All of this makes the task Jesus has assigned you seem that much more impossible.  And this will lead to what may be your greatest temptation.  You’ll look at the slim pickings in your basket, the fives loaves and two small fish, and think, “Maybe what I need to do is put something else in there to stretch it.”  You know: a few jokes, some heartwarming stories, a little chicken soup for the soul; maybe add some pop psychology, a serving of syrupy stuff about your best life now, and, ooh, and a heaping helping of practical advice:  ten biblical principles for building stable relationships, Jesus’ seven secrets for business success, and arrive at your own Promised Land in just forty days of purpose.  You might as well put sawdust sweetened with saccharine in there. You’ll get more volume, sure.  You may even tickle a theological sweet tooth or two; but you will not nourish God’s people that way.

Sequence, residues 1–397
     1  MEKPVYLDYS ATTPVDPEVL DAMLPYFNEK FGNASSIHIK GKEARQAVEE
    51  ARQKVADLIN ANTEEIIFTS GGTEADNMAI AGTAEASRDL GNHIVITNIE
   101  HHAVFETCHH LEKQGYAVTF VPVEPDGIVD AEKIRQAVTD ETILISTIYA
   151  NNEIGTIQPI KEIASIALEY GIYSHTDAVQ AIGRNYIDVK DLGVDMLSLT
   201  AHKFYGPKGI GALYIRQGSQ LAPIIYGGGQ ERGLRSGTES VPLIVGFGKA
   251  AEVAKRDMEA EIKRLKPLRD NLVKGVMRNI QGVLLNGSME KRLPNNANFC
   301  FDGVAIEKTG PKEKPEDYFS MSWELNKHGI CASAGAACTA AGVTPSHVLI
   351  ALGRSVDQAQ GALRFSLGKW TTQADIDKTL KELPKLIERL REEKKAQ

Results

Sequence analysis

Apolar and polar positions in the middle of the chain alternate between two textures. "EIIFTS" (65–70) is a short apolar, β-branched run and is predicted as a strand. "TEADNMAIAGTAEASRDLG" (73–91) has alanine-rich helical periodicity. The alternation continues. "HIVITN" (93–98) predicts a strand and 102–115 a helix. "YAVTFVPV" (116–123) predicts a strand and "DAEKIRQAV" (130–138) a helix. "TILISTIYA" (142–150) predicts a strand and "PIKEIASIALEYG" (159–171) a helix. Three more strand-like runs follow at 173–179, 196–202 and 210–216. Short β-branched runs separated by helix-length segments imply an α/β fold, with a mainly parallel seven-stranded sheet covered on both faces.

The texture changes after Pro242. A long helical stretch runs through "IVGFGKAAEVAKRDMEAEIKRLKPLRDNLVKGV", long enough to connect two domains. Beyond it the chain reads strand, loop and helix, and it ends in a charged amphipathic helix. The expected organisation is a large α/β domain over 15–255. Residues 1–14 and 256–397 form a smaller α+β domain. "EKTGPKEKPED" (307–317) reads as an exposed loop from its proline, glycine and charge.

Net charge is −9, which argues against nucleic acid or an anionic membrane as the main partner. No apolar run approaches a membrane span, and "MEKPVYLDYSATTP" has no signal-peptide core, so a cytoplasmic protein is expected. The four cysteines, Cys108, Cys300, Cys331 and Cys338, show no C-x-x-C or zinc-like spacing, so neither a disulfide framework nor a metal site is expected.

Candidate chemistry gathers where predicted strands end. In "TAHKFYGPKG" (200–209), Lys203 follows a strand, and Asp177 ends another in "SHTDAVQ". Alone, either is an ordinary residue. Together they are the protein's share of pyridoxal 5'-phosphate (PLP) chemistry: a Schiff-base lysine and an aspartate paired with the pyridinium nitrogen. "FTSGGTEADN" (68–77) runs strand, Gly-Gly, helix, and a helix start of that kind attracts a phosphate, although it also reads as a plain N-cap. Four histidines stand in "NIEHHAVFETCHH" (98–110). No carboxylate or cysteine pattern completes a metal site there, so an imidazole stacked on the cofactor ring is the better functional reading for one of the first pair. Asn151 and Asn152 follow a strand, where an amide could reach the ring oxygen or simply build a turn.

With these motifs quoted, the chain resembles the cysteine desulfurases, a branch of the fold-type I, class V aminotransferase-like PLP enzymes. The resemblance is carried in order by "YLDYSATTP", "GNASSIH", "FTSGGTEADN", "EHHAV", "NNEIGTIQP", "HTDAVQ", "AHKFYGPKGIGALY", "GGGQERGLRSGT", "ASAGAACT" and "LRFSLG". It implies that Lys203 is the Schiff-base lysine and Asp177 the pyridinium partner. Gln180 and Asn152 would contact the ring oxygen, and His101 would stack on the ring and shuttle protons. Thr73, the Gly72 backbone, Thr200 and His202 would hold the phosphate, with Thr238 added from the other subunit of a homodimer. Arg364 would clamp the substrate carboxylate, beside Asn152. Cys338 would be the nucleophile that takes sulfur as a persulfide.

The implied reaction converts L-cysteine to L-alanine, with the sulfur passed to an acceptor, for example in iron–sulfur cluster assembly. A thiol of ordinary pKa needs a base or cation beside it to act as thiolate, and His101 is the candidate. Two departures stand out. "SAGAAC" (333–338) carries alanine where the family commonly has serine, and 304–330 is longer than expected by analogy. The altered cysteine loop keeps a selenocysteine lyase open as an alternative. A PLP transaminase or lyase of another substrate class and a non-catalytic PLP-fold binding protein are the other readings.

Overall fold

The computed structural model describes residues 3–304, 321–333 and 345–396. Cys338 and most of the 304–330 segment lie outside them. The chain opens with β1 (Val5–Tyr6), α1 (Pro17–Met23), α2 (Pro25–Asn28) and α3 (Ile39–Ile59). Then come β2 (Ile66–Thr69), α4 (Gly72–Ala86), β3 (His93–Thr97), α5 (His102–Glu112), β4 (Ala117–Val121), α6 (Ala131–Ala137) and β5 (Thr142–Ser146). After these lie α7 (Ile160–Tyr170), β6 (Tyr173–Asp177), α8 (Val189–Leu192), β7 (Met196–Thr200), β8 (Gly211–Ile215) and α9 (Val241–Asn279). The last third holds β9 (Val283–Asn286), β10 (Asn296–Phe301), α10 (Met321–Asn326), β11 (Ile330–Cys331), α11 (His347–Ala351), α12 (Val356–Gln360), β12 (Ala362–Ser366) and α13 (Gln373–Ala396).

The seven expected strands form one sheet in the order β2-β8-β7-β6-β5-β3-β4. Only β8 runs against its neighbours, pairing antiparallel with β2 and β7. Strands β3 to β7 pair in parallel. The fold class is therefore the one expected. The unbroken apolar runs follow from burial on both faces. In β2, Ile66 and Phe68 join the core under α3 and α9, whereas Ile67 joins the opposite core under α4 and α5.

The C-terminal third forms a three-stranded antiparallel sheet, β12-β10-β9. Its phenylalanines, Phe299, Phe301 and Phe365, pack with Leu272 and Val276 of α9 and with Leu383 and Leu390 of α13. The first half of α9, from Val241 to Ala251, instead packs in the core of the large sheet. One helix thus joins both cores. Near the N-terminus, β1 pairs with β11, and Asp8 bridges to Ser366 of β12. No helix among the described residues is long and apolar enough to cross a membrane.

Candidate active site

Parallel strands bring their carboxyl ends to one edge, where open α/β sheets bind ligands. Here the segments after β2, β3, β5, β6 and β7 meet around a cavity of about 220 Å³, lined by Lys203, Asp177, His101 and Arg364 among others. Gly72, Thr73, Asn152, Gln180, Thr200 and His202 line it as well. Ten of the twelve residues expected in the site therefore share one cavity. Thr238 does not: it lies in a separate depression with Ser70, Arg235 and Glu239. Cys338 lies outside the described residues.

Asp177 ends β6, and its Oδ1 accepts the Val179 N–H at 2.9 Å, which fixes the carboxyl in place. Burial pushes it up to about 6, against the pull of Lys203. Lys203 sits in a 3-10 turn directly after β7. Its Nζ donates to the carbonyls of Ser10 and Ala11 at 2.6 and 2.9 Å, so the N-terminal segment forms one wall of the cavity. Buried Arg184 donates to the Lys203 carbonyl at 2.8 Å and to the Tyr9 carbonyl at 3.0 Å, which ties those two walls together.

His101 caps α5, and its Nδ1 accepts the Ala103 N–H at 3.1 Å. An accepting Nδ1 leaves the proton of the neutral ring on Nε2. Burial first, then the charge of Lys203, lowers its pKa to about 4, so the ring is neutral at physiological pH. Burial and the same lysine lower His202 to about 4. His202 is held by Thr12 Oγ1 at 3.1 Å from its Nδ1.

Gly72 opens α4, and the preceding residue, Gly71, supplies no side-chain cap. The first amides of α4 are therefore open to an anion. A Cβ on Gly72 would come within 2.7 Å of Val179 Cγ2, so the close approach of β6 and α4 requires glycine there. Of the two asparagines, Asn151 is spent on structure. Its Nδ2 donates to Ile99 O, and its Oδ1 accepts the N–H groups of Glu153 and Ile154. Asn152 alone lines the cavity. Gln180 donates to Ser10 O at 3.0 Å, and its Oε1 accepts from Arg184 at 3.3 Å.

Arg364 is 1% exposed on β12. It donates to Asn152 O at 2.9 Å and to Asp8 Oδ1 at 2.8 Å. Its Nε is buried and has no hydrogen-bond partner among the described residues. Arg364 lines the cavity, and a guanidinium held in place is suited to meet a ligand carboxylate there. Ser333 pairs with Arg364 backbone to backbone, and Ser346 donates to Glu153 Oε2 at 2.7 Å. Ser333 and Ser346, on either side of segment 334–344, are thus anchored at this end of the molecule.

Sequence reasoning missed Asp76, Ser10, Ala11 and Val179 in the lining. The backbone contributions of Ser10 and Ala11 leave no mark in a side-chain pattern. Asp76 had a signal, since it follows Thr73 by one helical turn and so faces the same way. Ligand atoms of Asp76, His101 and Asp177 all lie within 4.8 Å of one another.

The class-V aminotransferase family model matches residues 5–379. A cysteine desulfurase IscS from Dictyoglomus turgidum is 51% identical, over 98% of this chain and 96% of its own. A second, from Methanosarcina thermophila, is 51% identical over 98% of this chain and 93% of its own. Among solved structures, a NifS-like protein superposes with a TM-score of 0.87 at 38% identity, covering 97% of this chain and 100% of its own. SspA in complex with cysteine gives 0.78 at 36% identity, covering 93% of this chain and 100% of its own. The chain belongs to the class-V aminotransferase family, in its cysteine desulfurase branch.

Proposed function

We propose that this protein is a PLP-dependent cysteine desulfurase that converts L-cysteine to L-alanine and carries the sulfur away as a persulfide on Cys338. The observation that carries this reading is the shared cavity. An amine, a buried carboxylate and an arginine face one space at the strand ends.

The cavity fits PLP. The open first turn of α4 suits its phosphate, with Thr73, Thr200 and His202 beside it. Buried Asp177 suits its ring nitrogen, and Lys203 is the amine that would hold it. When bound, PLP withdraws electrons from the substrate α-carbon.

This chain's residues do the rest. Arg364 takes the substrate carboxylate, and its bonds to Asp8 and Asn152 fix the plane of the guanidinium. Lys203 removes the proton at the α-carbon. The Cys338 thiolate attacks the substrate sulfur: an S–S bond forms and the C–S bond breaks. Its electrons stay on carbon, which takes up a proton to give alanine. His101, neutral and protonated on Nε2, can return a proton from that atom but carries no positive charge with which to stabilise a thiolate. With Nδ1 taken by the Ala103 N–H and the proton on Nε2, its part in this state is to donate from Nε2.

They need something else.  They need Jesus.  They need the holy life he lived for them.  They need his sacrificial death on the cross.  They need his cleansing and forgiveness.  They need his body and blood.   They need the power of his resurrection.  They need the guidance of his Holy Spirit.  And all of that is found only in the fives loaves and two small fish.  Put the passage of Scripture you are working with in the hands of Jesus.  Let him bless it.  And it will become a feast for a multitude every time.  And not just for a multitude, but also for the weary sinner oppressed by guilt who comes to you privately, the individual sick and infirm members you visit in the hospital or nursing home, and the couple whose marriage is this close to failing, who sit on opposite ends of the sofa in your study spitting venom at each other.  They don’t need your charisma or your rugged good looks.  They don’t need the programs and innovations you come up with.  They don’t need your carefully cultivated “pastoral leadership” abilities, your grand vision for the church, or your “missional focus” to set them aflame (whatever that means).  They need Jesus Christ and him crucified.